Tag Archives: testing

Direct and Indirect Test Items VIDEO

Developing direct and indirect test items for language assessments.

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Tips for Developing Tests

Assessment is a critical component of education. One form of assessment  that is commonly used is testing. In this post, we will look at several practical tips for developing tests.

Consider the Practicality

When developing a test, it is important to consider the time constraints, as well as the time it will take to mark the test. For example, essays are great form of assessment that really encourage critical thinking. However, if the class has 50 students the practicality of essays test quickly disappears.

The point is that the context of teaching moves what is considered practical. What is practical can change from year to year while adjusting to new students.

Think about the Reliability

Relibility is the consistency of the score that the student earns. THis can be affected by the setting of the test as well as the person who marks the test. It is difficult to maintain consistency when marking subject answers such as short and answer and or essay. However, it is important that this is still done.

Consider Validity

Validity in this context has to do with whether the test covers objects that were addressed  in the actual teaching. Assessing this is subject but needs to be considered. What is taught is what should be on the test. This is easier said than done as poor planning can lead to severally poor testing.

The students also need to be somewhat convince that the testing is appropriate. If not it can lead to problems and complaints. Furthermore, an invalid test from the students perspective can lead to cheating as the students will cheat in order to survive.

Make it Aunthentic 

Tests, if possible, should mimic real-world behaviors whenever possible. This enhances relevance and validity for students. One of the main problems with authentic assessment is what to do when it is time to mark them. The real-world behaviors cannot always be reduced to a single letter grade. This concern is closely relates to practicality.

Washback

Washback is the experience of learning from an assessment. This normally entails some sort of feedback that the teacher provides the student. the feedbag they give. This personal attention encourages reflection which aides in comprehension. Often, it will happen after the testing as the answers are reviewed.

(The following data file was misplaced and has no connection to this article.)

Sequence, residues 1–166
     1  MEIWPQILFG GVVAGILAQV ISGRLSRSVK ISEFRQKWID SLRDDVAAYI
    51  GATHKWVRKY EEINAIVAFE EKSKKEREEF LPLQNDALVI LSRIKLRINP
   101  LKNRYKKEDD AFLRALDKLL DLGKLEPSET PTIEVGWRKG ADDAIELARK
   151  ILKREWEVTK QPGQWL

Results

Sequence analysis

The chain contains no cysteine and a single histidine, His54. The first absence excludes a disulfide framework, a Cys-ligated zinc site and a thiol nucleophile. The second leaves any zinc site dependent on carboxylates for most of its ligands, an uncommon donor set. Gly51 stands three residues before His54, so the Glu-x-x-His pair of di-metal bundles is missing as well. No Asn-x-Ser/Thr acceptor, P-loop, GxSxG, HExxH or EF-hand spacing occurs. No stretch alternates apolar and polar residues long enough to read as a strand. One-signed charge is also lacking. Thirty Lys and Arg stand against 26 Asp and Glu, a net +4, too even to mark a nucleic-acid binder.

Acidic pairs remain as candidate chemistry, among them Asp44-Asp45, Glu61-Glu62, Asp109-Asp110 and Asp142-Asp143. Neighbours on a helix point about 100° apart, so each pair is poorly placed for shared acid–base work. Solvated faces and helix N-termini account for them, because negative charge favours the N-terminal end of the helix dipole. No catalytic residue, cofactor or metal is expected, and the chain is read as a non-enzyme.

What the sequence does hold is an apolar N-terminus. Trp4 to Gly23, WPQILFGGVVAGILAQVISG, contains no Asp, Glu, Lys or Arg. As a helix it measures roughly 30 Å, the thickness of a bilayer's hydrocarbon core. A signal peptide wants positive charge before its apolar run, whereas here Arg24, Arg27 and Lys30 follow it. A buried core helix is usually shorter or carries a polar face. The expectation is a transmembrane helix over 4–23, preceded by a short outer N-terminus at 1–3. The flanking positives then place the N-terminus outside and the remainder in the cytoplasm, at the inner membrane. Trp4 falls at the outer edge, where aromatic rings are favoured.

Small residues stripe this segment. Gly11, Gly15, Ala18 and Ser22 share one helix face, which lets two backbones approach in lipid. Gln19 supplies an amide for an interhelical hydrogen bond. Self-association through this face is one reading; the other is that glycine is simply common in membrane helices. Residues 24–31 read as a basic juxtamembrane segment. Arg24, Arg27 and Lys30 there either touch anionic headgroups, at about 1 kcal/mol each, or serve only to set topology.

Conclusion

Tests can be improved by keeping in mind the concepts addressed in this post. Teachers and students can have better experiences with testing by maintaining practical assessments that are valid, provide authentic experiences as well insights into how to improve.

Understanding Testing

Testing is standard practice in most educational context. A teacher needs a way to determine what level of knowledge the students currently have or have gained through the learning experience. However, identifying what testing is and is not has not always been clear.

In this post, we will look at exactly what testing as. In general, testing is a way of measuring a person’s ability and or knowledge in a given are of study. Specifically, there are five key characteristics of a test, and they are…

  • Systematic
  • Quantifiable
  • Individualistic
  • Competence
  • Domain specific

Systematic

A test must be well organized and structured. For example, the multiple choice are in one section while the short answers are in a different section. If an essay is required there is a rubric for grading. Directions for all sections are in the test to explain the expectations to the students.

This is not as easy or as obvious as some may believe. Developing a test takes a great deal of planning for the actual creation of the test.

Quantifiable

Test are intended to measure something. A test can measure general knowledge such as proficiency test of English or a test can be specific such as a test that only looks at vocabulary memorization. Either way, it is important for both the student and teacher to know what is being measured.

Another obvious but sometimes mistake by test makers is the reporting of results. How many points each section and even each question is important for students to know when taking a test. This information is also critical for the person who is responsible for grading the tests.

Individualistic 

Test are primarily designed to assess a student’s individual knowledge/performance. This is a Western concept of the responsibility of a person to have an individual expertise in a field of knowledge.